Inframatrix Investments Ltd v Dean Construction Ltd  EWCA Civ 64 (03 February 2012)
In our newsletter, SPW 114, issued in the Autumn of 2011, we considered the first instance decision in this matter. That decision has now been appealed to the Court of Appeal for consideration.
At first instance the court considered the contract between the parties which included a clause as follows:
“17.4 No action or proceedings under or in respect of this Agreement shall be brought against the Contractor after:
(a) The expiry of 1 year from the date of Practical Completion of the Services or;
(b) Where such date does not occur, the expiry of 1 year from the date the Contractor last performed Services in relation to the Project.”
Dean Construction Limited (“DCL”) concluded its works for Inframatrix Investments Ltd (“IIL”) in December 2008, and snagging works in February 2009. A dispute arose as to whether the works were defective and no practical completion certificate was issued by IIL. The parties engaged in pre-action correspondence and negotiations throughout 2009 and 2010, however, IIL only issued court proceedings on 29 December 2010. DCL argued that clause 17.4 operated to bar IIL from bringing its claim as either Practical Completion had occurred in December 2008 or February 2009, or if not, clause 17.4 (b) operated as more than one year had passed since DCL last carried out “Services” for IIL.
The court at first instance concluded that if Practical Completion had not occurred, clause 17.4 (b) was effective and IIL’s claim was time barred.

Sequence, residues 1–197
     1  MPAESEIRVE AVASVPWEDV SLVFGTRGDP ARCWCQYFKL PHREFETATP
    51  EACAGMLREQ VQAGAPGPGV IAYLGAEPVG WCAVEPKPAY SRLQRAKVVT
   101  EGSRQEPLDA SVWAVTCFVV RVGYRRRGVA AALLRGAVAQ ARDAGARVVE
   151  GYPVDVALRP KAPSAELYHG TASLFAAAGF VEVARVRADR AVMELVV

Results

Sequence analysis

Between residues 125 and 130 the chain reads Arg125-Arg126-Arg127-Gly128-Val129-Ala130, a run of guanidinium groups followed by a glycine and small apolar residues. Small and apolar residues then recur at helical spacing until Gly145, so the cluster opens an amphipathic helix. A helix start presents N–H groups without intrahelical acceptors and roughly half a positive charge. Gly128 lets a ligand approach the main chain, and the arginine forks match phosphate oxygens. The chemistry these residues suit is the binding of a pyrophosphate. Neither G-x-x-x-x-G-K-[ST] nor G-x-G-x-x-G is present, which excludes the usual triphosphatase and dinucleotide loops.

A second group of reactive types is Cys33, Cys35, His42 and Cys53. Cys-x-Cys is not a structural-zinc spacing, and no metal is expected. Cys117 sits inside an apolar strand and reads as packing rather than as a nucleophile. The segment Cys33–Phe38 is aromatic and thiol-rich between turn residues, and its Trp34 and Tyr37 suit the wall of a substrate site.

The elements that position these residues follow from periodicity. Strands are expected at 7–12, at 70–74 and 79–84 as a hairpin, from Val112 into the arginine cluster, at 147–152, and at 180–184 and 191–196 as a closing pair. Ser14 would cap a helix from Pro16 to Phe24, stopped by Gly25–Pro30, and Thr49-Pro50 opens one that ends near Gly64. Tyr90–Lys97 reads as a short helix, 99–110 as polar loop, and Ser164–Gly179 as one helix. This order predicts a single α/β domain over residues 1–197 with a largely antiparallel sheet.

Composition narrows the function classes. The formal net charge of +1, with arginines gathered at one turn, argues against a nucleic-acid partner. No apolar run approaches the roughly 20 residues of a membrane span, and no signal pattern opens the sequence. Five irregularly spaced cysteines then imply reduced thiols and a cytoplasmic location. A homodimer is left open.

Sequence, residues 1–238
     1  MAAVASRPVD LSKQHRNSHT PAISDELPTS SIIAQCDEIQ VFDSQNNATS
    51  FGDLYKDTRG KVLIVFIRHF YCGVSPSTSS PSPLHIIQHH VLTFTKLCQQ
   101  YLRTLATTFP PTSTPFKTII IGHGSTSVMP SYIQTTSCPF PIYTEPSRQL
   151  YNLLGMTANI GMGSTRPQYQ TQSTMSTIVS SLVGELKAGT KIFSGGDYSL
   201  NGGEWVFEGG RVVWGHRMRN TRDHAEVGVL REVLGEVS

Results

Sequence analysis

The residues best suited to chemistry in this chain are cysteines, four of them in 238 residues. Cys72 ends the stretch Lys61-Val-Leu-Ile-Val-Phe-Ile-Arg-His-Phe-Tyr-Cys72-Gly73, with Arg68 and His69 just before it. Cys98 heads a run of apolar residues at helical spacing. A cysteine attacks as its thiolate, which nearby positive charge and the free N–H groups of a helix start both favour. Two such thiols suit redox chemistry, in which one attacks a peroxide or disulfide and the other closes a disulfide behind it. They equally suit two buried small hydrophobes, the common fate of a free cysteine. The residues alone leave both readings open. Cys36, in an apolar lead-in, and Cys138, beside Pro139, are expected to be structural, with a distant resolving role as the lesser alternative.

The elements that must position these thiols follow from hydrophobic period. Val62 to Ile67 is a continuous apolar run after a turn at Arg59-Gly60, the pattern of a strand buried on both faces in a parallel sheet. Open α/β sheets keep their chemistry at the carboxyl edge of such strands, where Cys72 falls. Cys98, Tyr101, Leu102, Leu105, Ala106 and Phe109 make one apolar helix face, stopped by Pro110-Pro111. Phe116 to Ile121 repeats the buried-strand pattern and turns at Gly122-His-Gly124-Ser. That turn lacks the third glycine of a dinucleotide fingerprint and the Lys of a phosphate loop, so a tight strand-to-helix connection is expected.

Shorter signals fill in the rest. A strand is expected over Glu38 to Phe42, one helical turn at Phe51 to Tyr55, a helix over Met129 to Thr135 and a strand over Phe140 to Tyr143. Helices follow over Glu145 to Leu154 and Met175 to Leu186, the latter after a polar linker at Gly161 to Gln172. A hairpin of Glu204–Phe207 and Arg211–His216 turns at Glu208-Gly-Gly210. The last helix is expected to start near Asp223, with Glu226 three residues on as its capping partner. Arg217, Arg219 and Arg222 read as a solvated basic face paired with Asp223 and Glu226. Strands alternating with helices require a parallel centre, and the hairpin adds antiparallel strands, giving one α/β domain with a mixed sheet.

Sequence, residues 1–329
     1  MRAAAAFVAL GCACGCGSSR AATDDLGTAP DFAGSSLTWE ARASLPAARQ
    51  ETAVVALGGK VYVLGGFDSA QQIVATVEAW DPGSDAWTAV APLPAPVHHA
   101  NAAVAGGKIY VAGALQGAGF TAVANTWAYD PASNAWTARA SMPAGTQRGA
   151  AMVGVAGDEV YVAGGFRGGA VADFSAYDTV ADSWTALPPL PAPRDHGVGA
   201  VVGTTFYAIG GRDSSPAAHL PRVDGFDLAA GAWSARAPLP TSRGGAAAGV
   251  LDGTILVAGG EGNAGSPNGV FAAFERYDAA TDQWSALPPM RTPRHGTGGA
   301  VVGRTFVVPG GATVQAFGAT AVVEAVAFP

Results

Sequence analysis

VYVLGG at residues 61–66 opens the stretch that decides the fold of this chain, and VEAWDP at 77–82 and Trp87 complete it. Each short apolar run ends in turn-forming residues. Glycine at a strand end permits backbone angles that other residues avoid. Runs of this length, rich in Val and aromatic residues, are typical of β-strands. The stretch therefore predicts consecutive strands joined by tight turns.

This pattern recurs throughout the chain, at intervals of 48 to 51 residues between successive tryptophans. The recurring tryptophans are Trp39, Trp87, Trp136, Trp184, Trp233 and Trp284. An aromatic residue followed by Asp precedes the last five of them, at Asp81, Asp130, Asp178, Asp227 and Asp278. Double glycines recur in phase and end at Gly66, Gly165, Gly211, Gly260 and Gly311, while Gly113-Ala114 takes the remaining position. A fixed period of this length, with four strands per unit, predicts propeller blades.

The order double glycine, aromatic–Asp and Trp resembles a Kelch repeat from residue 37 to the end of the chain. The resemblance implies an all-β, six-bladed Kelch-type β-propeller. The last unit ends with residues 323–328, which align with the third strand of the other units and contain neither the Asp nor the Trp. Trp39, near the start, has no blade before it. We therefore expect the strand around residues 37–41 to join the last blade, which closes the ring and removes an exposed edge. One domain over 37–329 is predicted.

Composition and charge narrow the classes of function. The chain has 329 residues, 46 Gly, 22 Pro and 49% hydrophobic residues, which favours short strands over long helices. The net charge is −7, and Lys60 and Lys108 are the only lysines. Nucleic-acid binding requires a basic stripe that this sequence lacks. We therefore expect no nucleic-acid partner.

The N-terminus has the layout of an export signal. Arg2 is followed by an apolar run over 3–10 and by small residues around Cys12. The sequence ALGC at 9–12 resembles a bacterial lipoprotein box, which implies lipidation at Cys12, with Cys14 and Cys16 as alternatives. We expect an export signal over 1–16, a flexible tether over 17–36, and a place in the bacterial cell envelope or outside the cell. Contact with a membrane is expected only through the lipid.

In the Court of Appeal IIL repeated the contentions put before the court at first instance, namely:
- that there had not been Practical Completion of the Services; and
- paragraph (b), because the words "where such date does not occur" were in the present tense rather than the past tense, only applied where Practical Completion is not going to be achieved, for example, if the owner abandons the Project.
IIL further argued that further words should be implied into clause 17.4 (b) to better express what the parties had agreed as follows:
"where such date does not occur because time for occurrence is no longer expected to be achieved by the client .."
The Court of Appeal dismissed IIL’s appeal upholding the reasoning of the court at first instance. The Court of Appeal concluded that IIL’s proposed additional wording would mean that IIL could dictate the point at which time begins to run in respect of the limitation clause and there was no evidence to suggest that this was the intention of the parties.
Lord Justice Stanley Burnton said:
“In my judgment, clause 17.4 was intended to provide an easily ascertainable limitation period for a claim against the defendant. The question "Is the claimant entitled to bring proceedings?" should be easily answerable when it arises, and should not depend on an investigation of the merits of the claim. If there had been Practical Completion of the Services, the claimant had one year from its date to bring proceedings. If not, it had one year from the date when the defendant last provided Services as defined. The claimant contends that there had not been Practical Completion. If so, clause 17.4(b) applied.”
If you would like any more information about this case or the issues raised, please contact Philip Vickers.